What is your current role?
Senior Lecturer in Science
Can you describe your career journey?
Somewhat unconventional and very lucky. I have a good first degree in physics, but my lack of self-confidence meant that I didn’t do a higher degree. I became an academic librarian and in the process developed skills in educational research, realised that I like teaching university students and missed physics. After a career break when my children were small I became a part-time teacher of physics at a further education college…and then applied for my first OU tutoring job.
So that was that? Well, no! I realised almost straight away that I wanted to spend the rest of my career working for the Open University. By the time a suitable staff tutor job was advertised, I knew how good a fit I’d be for the role, and how much I wanted the job. But the first thing on the person specification was ‘higher degree in physics’ which I did not have. I am eternally grateful to the selection committee for seeing my potential and giving me the chance.
What challenges have you faced?
My major challenges have been (a) Lack of self-confidence and (b) Lack of a PhD
The OU’s current advertising campaign says “The most important thing you learn at the Open University is what you are capable of”. That’s so true, and not just for our students. I still lack self-confidence a lot of the time, but the OU have given me very many opportunities to demonstrate, to myself and others, what I am capable of. As for the lack of a PhD, I took a decision around 10 years ago to aim for a PhD by published work, and I completed this about a year ago. My graduation ceremony earlier this year was one of the proudest moments of my life, and I’d thoroughly recommend PhD by published work as a route to a higher degree for staff members who are publishing in any case.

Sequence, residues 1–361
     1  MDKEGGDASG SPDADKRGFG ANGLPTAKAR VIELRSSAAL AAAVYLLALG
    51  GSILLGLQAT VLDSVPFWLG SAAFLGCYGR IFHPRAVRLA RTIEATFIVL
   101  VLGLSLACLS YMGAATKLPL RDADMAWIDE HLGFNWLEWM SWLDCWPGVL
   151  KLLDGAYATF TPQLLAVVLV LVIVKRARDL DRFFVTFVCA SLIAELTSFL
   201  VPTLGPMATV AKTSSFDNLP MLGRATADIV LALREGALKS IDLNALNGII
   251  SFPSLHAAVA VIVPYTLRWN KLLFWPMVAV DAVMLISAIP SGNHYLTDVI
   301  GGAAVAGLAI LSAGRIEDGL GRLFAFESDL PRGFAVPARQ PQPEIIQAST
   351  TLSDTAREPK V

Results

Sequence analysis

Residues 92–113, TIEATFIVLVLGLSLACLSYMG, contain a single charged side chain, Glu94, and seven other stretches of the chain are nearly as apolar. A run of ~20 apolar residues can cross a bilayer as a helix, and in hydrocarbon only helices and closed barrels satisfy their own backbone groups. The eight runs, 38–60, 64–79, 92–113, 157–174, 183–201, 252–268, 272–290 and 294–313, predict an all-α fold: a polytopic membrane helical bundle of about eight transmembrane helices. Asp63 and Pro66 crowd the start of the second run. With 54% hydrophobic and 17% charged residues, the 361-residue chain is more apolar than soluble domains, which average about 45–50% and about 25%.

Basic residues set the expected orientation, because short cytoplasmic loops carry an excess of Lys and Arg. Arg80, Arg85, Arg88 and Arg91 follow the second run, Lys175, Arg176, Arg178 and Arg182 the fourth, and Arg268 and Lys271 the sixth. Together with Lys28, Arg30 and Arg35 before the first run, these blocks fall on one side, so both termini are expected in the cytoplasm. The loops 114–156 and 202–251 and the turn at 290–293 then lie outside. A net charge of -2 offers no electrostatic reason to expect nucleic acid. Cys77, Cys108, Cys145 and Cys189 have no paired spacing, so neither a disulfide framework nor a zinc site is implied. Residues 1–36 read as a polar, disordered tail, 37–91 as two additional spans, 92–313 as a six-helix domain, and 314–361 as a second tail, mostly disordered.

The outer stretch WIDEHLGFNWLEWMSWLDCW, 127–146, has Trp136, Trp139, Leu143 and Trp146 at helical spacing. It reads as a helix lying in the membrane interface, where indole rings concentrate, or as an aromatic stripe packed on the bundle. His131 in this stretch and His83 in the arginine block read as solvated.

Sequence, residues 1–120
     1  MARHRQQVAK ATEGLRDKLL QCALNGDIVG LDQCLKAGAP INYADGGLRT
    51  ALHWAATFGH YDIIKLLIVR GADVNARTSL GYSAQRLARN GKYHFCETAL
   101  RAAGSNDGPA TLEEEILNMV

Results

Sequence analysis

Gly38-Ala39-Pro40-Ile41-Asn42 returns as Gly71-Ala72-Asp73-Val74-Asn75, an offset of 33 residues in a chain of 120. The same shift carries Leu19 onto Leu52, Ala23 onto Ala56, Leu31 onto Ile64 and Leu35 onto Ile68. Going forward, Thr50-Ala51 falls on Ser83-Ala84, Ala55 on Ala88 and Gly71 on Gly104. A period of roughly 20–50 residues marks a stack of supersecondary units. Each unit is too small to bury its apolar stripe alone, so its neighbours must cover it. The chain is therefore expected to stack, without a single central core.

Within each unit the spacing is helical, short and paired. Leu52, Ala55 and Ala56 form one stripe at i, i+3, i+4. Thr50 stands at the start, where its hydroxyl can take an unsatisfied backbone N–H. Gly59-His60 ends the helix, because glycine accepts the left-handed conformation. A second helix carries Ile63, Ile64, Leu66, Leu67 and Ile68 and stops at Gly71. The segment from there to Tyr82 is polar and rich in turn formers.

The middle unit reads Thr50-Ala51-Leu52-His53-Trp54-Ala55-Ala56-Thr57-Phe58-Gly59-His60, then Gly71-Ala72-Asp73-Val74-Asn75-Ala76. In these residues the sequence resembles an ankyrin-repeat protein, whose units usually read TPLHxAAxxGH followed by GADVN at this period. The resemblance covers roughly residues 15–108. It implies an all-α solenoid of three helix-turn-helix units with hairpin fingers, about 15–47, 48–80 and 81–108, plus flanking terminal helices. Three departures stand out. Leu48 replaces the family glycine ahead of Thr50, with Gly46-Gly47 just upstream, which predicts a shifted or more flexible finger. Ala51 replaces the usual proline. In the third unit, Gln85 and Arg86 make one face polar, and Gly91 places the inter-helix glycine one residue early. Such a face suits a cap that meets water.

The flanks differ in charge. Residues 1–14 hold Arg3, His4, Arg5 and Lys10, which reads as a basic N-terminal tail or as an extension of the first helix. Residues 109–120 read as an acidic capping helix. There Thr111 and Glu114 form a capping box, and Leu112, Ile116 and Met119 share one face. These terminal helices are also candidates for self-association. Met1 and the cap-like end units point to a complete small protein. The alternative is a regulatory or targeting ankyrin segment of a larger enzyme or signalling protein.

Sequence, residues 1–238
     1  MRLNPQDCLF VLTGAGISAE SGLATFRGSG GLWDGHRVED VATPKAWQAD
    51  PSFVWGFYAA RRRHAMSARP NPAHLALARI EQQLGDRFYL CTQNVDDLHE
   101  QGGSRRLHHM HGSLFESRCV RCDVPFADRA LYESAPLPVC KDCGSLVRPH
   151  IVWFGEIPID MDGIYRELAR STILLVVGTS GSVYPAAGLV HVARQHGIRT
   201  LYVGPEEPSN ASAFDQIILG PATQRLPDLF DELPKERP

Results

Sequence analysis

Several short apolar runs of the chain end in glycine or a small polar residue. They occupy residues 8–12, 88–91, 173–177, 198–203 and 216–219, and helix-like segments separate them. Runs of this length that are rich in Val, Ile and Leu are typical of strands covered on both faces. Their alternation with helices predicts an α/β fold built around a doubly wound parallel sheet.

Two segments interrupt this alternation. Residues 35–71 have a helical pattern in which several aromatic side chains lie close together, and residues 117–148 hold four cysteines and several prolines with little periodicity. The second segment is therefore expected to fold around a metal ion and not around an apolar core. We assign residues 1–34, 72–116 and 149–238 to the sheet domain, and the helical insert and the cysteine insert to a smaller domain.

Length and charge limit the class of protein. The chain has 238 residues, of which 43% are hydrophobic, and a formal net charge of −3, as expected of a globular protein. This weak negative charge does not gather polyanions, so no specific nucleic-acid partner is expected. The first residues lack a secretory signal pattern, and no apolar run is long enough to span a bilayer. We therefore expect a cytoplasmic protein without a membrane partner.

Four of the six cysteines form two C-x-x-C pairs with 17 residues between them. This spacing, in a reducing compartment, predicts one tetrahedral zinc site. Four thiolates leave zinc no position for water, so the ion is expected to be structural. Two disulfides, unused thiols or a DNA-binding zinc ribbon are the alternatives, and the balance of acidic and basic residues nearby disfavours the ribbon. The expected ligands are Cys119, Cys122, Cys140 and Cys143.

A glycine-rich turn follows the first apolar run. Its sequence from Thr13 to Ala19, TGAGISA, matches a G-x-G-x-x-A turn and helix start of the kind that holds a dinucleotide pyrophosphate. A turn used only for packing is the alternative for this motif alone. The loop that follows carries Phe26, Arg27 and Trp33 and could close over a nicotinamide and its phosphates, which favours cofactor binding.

Who has inspired you in your career?
Dr Shelagh Ross
The staff tutor when I was first appointed, who was a role model and has encouraged me every step of the way. [and lots of other staff]
Who reminds me of the importance of sticking to my principles. We claim to use an evidence-based approach to our teaching, but I don’t think we always do. If Galileo could stand firm to his evidence that the Sun is the centre of the solar system, I can stand up to people who want to make changes because they think it is a “good idea” even when the evidence doesn’t support this.
Peter Horrocks talked recently about remembering a ‘phantom student’ in all that we do. The problem with that is that there is no such thing as a typical OU student, but remembering a range of individuals who I’ve had dealings with over the years keeps me close to the OU’s mission.
What's the best thing about working at the OU?
Seeing our students succeed.
What advice would you give to other women?
You can do it!
What do you think this network should aim to achieve in the next 12 months?
Giving women support when they need it, and improving the working environment for all staff: men and women.